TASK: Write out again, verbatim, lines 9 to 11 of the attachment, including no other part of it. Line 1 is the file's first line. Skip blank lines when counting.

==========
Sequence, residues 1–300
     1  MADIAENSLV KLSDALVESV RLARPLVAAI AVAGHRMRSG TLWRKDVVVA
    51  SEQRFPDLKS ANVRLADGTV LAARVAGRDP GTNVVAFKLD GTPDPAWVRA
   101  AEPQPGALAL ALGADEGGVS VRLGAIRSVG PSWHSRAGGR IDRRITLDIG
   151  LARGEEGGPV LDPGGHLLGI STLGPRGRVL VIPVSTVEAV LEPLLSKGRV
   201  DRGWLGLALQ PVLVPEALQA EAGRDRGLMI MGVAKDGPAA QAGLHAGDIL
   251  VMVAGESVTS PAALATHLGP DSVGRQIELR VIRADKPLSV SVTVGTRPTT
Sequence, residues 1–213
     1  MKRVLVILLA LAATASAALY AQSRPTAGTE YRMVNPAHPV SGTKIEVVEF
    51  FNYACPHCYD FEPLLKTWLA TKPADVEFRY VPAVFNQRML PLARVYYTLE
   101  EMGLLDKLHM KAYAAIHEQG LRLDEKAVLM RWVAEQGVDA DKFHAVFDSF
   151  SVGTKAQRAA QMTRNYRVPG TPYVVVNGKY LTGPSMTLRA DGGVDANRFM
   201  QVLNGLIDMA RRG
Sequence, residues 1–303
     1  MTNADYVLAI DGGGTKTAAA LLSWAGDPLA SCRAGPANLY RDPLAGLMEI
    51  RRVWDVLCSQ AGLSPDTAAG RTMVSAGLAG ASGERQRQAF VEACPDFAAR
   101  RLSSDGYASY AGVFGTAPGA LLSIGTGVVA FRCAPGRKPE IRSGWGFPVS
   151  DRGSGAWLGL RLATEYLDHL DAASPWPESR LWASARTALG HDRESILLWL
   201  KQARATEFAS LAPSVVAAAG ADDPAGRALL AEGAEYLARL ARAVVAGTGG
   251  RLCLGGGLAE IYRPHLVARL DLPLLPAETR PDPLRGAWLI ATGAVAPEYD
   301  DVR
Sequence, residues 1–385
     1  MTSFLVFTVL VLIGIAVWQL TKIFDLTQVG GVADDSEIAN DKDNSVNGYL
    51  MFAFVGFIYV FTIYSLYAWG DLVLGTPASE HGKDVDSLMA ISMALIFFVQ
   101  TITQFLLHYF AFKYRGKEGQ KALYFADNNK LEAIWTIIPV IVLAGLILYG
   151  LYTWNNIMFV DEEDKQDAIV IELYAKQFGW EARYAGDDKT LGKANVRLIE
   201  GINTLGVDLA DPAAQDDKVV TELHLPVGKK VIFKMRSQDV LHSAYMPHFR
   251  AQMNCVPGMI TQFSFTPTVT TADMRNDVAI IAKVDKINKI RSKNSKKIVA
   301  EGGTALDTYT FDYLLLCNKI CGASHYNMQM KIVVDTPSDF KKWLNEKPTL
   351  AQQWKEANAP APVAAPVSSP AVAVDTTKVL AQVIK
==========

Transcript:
     1  MKRVLVILLA LAATASAALY AQSRPTAGTE YRMVNPAHPV SGTKIEVVEF
    51  FNYACPHCYD FEPLLKTWLA TKPADVEFRY VPAVFNQRML PLARVYYTLE
   101  EMGLLDKLHM KAYAAIHEQG LRLDEKAVLM RWVAEQGVDA DKFHAVFDSF